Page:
I am so excited about these Mexican Spice Macarons, I couldn't hold them back any longer! I finally found an (almost) foolproof macaron recipe and what can I say, it really works! The secret is pretty simple: Italian meringue. So after the first test run I went all in and created the recipe for these vanilla, coffee, cocoa and cinnamon spiced macarons filled with sweet and creamy dulce the leche.
120g egg whites (about 4 egg whites)
150g finely ground almonds or almond flour
150g powdered sugar
2 teaspoons vanilla extract
1 teaspoon cocoa
1 portion of instant coffee (7g)
1/2 teaspoon cinnamon
1 can sweetened condensed milk
I suggest you start with the syrup: Bring 50g water and 150g sugar to 230°F on a candy thermometer.
While the syrup is cooking up, whip 60g of the egg whites to soft peaks in your stand mixer, adding 35g sugar. Aging your egg whites is not necessary in my opinion, just make sure they are at room temperature.
Once the syrup has reached 230°F, slowly pour it into the egg whites and continue to whip on medium high speed for about 15 minutes until you have a shiny Italian meringue.
While your Italian meringue is whipping up, sift the almond flour and powdered sugar in a bowl and preheat your oven to 320°F. Mix the remaining 60g of egg whites and the sifted almond and powdered sugar to a creamy pasture.
Now it's time to bring in the spices! Add the vanilla, cinnamon, cocoa and coffee into your pasture until well combined. Then carefully fold in the meringue. Make sure not to overstir your batter, stop folding once it is shiny and thick flowing.
Fill the mixture into a 20 inch pastry bag fitted with a plain tip and pipe your macarons on a parchment covered baking sheet. The batter will set and flatten a little so make sure to leave at least 1inch spacing in between. They should have a little nipple on top right after piping them onto the sheet but don't worry, that nipple will flatten while the batter sets.
Some recipes call for banging the baking sheet on your surface to remove air bubbles, but my experience is that this is not necessary at all when using Italian meringue. The Italian meringue is very dense and most of the air is already gone.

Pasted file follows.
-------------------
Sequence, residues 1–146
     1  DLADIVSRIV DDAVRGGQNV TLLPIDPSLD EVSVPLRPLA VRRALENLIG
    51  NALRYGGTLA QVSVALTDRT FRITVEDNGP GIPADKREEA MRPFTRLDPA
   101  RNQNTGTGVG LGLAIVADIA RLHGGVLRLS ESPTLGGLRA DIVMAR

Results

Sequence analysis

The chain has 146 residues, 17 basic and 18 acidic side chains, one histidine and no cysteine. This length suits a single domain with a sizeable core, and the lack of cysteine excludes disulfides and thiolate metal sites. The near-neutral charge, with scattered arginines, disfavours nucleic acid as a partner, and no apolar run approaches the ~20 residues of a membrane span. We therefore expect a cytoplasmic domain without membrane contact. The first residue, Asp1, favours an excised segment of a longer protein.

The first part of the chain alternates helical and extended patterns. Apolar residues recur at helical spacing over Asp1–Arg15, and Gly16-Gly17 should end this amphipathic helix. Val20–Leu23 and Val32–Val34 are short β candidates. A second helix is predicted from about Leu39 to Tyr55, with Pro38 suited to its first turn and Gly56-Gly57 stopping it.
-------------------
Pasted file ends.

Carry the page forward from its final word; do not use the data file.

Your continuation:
Now comes a very important step: Let the macarons dry for 20-30 minutes until dry to the touch. This is essential in order to get the typical little feet! What happens is that the heat from the oven causes air bubbles to expand inside the batter, which pushes the macaron upwards and reveals the inner wet part of the batter: that's when they get their little "feet". If the shell are not dried out sufficiently, the batter will expand outwards and crack the shell as it bakes.
Now bake your macarons in your preheated oven for 10 minutes. You really have to make sure the oven has reached the exact temperature since the macarons might not get their little feet or burst otherwise. You might also have to experiment with the temperature a little bit since every oven is different. If you have an oven thermometer, perfect! Keep the temperature at 320°F. If the oven is too hot, the macarons won't rise and might turn brown, if it is too cold they might burst and not get their little feet.
While your macarons are baking, you can prepare the filling. I use the microwave technique for making dulce de leche since it is the easiest and fastest way. Pour 1 can of sweetened condensed milk into a microwavable dish and microwave for 4 minutes while stopping and stirring the milk every 1 minute. It is better to use a flat dish such as a pie pan, since that prevents the milk from rising too high and overflowing in the microwave.
Once your macarons are cooled down, fill the dulce de leche in a piping bag and spread the filling onto your macaron halves. Stick together, sprinkle with cocoa powder and you're done! Pretty, aren't they?
Print the recipe here.